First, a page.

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After creating multiple designs with it I am ready to give a truboo yarn review. I recall not having been as excited to get my hands on some yarn possibly in my entire crochet career as I was for this yarn. Lion brand’s truboo 100% bamboo yarn (in my mind) promised the coolness of cotton with the elegant sheen of bamboo previously not experienced.
Does it split?
Does it stay shiny?
Does it droop?
Let’s talk about it.
Working with Truboo yarn and truboo yarn patterns
I have made a few items with this yarn and it is really lovely against the skin. Not every stitch works well with this yarn because, to be fair and honest, it will droop.
Picking the right stitches, the kind I call reinforced where yarn wraps (like waistcoat stitch), linked crochet stitches, or a stitch with no space like a single crochet you won’t have any issues.
I use a technique called linked stitches in this towel design that works well with truboo yarn because the stitches support each of the stitches before them to only create a lovely texture but also prevents or minimizes drooping in the finished product.
When looking at truboo yarn patterns consider the pros and cons of the yarn for a good result. This mesh top I designed with truboo yarn does give an open weave look but the yarn is secure because of the stitch pattern repeat. It’s another type of stitch that prevents droop. It has a lovely drape, feels luxe against the skin and holds its shape.
Using the best stitches for the best result
The stitches you use with this yarn and yarns in this category of “drapey” or droopy , its less kind cousin will essentially make or break how you feel about this yarn and what projects you use it for. Learn from my experience! I use the analogy of if this yarn was a box of your favorite cereal and you added turkey gravy to it, not so good. But if you add milk to it, it is a superstar. It works like this for the yarn. The right stitches are cereal with milk, the wrong stitches are cereal with gravy.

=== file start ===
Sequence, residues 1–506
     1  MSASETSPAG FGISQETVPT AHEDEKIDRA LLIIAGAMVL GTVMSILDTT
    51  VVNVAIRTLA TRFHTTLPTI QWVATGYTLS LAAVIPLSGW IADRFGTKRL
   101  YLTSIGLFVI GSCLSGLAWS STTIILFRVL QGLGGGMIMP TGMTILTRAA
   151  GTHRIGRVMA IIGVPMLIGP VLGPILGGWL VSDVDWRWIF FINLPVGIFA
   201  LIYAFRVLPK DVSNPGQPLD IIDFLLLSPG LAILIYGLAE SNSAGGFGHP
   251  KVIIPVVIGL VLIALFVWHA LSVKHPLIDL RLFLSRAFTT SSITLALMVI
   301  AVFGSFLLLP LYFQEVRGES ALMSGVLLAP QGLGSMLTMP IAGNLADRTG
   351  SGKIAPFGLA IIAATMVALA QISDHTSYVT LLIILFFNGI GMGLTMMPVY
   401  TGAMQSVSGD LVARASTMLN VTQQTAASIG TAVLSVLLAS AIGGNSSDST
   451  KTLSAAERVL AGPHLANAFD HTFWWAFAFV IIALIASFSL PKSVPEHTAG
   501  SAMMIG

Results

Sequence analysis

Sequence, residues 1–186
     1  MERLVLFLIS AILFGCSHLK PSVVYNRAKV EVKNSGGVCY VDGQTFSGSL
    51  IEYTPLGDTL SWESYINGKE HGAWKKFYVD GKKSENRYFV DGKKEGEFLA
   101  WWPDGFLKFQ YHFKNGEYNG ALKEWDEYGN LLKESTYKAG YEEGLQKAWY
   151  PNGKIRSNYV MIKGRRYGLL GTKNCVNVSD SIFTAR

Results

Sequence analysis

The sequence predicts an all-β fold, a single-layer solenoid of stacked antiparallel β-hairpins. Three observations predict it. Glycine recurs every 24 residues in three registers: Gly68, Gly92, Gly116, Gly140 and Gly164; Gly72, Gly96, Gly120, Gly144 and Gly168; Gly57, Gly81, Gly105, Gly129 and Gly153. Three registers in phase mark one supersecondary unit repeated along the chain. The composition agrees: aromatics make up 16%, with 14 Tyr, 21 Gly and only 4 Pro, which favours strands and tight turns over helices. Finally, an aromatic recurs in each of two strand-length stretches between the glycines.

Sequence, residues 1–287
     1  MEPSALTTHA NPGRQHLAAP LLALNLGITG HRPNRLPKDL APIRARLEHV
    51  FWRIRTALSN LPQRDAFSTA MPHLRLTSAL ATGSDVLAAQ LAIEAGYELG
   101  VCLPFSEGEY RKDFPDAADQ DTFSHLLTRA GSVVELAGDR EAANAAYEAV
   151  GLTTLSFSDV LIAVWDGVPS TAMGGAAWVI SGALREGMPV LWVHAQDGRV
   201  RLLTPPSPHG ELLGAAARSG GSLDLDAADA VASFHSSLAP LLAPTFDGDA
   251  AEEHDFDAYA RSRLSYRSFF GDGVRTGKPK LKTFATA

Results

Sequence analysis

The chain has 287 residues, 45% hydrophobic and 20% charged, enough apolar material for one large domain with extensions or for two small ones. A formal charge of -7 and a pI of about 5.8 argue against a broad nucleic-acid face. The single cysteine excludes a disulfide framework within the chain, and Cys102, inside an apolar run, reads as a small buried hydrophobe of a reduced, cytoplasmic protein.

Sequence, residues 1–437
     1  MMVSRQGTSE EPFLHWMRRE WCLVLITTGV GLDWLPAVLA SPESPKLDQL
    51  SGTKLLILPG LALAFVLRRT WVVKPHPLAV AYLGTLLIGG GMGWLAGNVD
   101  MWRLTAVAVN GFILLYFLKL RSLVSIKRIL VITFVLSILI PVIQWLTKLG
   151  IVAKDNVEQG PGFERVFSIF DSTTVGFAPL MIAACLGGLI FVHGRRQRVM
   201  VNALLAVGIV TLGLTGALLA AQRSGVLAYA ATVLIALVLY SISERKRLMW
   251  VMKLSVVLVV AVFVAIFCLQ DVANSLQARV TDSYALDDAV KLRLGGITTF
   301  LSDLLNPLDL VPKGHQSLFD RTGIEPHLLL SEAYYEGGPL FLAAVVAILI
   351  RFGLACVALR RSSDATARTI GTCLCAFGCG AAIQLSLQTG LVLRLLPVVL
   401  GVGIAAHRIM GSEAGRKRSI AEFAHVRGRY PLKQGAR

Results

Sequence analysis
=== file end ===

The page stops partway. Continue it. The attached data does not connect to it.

If you like cereal with gravy, this analogy wont work for you I suppose!
I designed project trackers! This is the large print version for tired eyes. So much easier than using apps, scraps of paper or a plain notebook.
Three project sizes, a handy ruler and hook guide inside the cover and plenty of room for notes in each pattern.
Buy it here.
Regular size print here.
I have had bad eyesight since age 18 so large print is a godsend when you can’t see apps and dark yarn, let alone going from one to the other on a crochet-a-thon during a netflix binge.
Truboo yarn review
The yarn does have and elegant sheen that dulls only slightly after working with it. Think of like a used penny that still has a hint of luster from it’s original coppery shine.
Like many of the alternative natural fibers, truboo will have a tendency to split but otherwise it feels nice in the fingers to work with. Smooth and silky. The hook you use matters with “sensitive yarns” like this. I did a yarn hook review that can help you make sense out of them.
Avoid wood hooks and “cheap” metal hooks that can catch on fibers. Nickel hooks like those from furls are very slick and smooth or plastic hooks (like clover brand) are ideal for this yarn. I have a very good result when using etimo red crochet hooks with truboo. Minimal splitting. When you’re working a larger project it’s worth it to invest just a few dollars more into a high quality hook.
If you’re interested in other warm weather yarns including the newer natural yarn in the Lion Brand collection, nuboo lyocel yarn, read about them in the post. I have a video showing how nuboo yarn changes DRAMATICALLY after it has been blocked. Understanding how these cotton alternative fibers behave is key to having a good result in your knit and crochet projects.